15 years ago
lion_tiger182

Is that common in spoken American English?

1. It don't figure, Eddie. They're so small. (here: they used don't instead of doesn't) 2. You got long arms. ( here: they used got instead of have or have got) 3. I don't got a picture. (here: they used got instead of don't have or haven't got) 4. Today ain't your lucky day, eh, shorty-pants?( here: they used shorty-pants instead of shorty or short-ar.se) most of the sentences above are from the movie baby's day out. Can someone explain that to me?
Top 8 Answers
15 years ago
Froggiesmiles
Favorite Answer
nobody speaks perfect english, thats sort of a rougher version of it
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15 years ago
quatt47
The examples you give are 'slang' and incorrect grammatically. They are also described as vernacular, in other words how people speak to each other in an informal way. In the context of the film the characters so speaking would probably look out of place if they said. 'It doesn't make sense Eddie. They're so small.' 'You have long arms' I don't have a picture.' 'Today is not your lucky day is it, short person?'
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15 years ago
Anonymous
You have given examples of colloquial speech. This is not considered proper English to educated Americans either, though many use such terms in common informal speech as compared to formal speech or the written word.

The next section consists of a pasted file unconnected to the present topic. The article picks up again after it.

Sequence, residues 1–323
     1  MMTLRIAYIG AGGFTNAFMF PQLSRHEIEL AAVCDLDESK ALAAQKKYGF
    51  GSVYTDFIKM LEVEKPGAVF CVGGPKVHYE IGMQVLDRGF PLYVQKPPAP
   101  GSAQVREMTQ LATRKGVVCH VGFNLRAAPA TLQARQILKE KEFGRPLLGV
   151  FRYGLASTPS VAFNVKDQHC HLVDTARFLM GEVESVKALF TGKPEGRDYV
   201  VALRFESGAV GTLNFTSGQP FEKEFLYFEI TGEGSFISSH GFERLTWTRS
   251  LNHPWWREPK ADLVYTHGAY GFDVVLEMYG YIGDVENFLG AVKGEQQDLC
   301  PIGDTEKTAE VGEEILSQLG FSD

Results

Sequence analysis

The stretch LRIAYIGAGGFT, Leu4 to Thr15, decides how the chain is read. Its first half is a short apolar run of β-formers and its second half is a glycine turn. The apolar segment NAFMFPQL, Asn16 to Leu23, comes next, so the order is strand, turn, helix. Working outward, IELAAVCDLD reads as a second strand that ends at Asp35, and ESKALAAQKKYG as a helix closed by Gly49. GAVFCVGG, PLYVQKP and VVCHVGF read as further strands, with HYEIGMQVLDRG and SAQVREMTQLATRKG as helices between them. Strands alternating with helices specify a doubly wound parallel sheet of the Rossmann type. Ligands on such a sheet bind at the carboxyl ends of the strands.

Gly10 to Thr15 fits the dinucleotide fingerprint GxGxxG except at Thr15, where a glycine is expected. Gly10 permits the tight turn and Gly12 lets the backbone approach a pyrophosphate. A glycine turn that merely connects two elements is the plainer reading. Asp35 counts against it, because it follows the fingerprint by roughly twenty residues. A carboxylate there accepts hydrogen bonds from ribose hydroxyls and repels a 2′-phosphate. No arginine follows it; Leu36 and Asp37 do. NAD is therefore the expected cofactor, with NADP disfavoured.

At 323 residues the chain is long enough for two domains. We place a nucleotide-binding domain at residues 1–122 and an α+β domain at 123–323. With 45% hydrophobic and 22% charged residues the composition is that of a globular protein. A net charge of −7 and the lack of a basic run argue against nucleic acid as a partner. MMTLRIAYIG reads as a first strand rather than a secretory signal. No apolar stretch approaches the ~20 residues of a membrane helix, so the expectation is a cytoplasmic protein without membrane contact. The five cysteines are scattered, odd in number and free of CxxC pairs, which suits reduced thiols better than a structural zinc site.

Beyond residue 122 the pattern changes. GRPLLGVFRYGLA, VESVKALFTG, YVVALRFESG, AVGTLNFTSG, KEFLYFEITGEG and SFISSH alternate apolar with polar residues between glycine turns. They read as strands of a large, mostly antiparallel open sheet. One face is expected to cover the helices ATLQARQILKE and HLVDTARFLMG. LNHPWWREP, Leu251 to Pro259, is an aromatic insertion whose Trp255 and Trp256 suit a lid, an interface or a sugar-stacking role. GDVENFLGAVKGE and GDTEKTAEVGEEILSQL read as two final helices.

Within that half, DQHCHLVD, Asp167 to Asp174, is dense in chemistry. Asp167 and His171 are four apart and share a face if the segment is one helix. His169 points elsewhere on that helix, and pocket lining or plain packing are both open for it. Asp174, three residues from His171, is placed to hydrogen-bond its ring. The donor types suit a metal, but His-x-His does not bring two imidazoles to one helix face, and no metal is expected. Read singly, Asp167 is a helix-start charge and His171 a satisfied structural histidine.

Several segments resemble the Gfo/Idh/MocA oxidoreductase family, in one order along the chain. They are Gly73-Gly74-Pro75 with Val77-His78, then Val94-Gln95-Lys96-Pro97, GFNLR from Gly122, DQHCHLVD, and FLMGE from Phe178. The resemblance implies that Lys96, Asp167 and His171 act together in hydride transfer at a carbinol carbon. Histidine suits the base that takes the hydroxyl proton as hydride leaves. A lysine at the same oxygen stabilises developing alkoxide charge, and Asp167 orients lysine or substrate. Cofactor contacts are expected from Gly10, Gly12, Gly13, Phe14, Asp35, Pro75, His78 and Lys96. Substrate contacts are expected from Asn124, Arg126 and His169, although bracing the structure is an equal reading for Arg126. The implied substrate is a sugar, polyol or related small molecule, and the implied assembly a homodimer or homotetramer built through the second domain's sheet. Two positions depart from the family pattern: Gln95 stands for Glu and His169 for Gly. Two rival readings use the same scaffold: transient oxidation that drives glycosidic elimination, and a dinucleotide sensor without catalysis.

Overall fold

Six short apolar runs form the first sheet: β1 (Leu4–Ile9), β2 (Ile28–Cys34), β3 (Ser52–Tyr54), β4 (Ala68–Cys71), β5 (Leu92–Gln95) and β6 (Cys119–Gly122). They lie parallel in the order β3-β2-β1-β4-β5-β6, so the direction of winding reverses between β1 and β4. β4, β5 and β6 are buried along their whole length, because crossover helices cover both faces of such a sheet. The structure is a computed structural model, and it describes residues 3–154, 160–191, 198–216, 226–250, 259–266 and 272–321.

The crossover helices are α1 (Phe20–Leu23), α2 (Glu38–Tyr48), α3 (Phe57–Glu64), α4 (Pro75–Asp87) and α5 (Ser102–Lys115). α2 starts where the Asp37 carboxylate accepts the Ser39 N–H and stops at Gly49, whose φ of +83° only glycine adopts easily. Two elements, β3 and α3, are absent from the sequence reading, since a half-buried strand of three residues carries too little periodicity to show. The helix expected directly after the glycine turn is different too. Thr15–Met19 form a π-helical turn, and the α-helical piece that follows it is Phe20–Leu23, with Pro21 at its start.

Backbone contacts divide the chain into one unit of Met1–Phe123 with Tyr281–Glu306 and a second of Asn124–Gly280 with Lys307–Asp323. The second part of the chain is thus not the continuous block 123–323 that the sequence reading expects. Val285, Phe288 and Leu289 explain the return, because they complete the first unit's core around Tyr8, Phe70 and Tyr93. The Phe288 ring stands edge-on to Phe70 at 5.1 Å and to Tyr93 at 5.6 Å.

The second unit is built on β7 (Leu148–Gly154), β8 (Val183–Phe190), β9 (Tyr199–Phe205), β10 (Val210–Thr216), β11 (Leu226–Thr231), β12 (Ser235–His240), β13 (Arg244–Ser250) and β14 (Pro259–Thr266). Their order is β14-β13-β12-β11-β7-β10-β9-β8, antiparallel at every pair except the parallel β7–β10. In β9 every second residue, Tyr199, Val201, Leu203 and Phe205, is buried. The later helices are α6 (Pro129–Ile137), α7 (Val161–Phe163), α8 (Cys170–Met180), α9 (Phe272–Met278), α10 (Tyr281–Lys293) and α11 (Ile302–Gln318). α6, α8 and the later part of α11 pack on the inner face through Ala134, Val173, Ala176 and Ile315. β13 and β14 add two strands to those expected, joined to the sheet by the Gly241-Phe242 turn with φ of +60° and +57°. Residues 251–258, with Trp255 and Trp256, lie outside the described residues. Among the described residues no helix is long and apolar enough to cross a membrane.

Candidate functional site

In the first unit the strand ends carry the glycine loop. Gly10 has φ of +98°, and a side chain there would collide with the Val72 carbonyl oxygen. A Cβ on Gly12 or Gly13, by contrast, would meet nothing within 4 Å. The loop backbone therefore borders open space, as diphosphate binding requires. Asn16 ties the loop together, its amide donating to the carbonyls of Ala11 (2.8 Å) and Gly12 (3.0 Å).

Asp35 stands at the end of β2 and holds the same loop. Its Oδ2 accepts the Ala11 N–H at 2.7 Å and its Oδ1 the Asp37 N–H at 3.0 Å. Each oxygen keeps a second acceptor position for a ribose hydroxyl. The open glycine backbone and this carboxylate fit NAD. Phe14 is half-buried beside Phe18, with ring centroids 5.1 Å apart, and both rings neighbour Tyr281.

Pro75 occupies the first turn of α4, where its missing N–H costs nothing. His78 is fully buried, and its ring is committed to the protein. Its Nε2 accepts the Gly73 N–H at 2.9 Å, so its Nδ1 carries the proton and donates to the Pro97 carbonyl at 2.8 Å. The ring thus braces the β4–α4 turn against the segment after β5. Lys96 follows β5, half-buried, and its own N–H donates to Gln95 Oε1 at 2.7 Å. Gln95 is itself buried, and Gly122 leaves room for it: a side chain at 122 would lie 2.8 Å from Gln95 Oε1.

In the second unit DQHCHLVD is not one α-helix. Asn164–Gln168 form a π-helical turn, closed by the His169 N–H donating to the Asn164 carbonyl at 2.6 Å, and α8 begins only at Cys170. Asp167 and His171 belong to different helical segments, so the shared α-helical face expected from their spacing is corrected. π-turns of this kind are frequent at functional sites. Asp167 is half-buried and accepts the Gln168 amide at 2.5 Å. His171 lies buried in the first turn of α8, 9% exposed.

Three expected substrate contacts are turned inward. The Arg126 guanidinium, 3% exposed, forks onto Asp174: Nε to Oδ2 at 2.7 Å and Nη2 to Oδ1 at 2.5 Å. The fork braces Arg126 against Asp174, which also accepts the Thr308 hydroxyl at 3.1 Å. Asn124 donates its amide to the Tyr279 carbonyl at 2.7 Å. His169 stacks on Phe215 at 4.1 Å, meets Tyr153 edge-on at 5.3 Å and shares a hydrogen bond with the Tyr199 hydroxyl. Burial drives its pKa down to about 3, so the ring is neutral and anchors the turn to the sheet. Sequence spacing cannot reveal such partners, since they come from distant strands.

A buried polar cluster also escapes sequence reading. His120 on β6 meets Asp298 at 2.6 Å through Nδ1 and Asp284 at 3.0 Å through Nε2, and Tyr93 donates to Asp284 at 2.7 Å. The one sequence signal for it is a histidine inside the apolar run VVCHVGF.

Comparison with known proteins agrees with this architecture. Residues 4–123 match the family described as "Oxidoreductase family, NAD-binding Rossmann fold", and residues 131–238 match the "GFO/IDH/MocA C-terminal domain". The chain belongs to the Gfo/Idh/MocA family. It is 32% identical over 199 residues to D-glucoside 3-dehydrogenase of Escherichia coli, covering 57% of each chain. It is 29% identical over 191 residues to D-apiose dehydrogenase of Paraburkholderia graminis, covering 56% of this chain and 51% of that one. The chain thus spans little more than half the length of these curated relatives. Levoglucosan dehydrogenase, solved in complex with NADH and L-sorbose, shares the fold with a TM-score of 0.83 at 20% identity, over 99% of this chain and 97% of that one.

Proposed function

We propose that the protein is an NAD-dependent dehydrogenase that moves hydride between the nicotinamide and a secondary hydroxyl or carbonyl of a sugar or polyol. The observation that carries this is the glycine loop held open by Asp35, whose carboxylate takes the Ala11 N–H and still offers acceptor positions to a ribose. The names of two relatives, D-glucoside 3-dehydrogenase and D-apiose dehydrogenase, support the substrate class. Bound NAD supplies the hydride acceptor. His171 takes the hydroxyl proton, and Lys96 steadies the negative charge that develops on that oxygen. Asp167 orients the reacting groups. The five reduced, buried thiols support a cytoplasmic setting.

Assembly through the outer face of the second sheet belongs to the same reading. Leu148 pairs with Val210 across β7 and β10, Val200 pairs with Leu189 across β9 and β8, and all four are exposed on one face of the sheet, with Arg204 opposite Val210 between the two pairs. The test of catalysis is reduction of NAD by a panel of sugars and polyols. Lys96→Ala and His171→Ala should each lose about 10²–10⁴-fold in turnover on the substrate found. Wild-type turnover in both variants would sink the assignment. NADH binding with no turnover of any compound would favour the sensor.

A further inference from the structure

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15 years ago
Jenny
For most people the last 2, and the 1st one are not true only some people speak like that.
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15 years ago
Anonymous
It's partly dialectic, common to the South and Southwest, but sometimes used in other places when the person is lazy or stupid.
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15 years ago
Anonymous
Bad grammar, yes. But that's the way uneducated people speak sometimes.
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15 years ago
Jason S
Can you explain what the h--- you're doing watching Baby's Day Out?
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15 years ago
undercovernudist
its slang and yes spoken english is a little different then written
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